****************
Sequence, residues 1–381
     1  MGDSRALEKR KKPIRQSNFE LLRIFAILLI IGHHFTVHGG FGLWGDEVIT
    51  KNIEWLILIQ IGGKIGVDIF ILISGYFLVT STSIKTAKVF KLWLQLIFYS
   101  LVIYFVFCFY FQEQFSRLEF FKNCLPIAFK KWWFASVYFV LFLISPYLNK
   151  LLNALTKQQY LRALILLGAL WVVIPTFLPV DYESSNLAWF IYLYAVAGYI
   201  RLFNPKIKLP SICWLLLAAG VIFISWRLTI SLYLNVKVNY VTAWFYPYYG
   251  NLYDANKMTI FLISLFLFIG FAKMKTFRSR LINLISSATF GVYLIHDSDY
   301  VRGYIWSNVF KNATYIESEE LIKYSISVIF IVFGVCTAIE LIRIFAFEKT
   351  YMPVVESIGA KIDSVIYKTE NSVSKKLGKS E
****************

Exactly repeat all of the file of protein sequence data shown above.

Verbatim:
Sequence, residues 1–381
     1  MGDSRALEKR KKPIRQSNFE LLRIFAILLI IGHHFTVHGG FGLWGDEVIT
    51  KNIEWLILIQ IGGKIGVDIF ILISGYFLVT STSIKTAKVF KLWLQLIFYS
   101  LVIYFVFCFY FQEQFSRLEF FKNCLPIAFK KWWFASVYFV LFLISPYLNK
   151  LLNALTKQQY LRALILLGAL WVVIPTFLPV DYESSNLAWF IYLYAVAGYI
   201  RLFNPKIKLP SICWLLLAAG VIFISWRLTI SLYLNVKVNY VTAWFYPYYG
   251  NLYDANKMTI FLISLFLFIG FAKMKTFRSR LINLISSATF GVYLIHDSDY
   301  VRGYIWSNVF KNATYIESEE LIKYSISVIF IVFGVCTAIE LIRIFAFEKT
   351  YMPVVESIGA KIDSVIYKTE NSVSKKLGKS E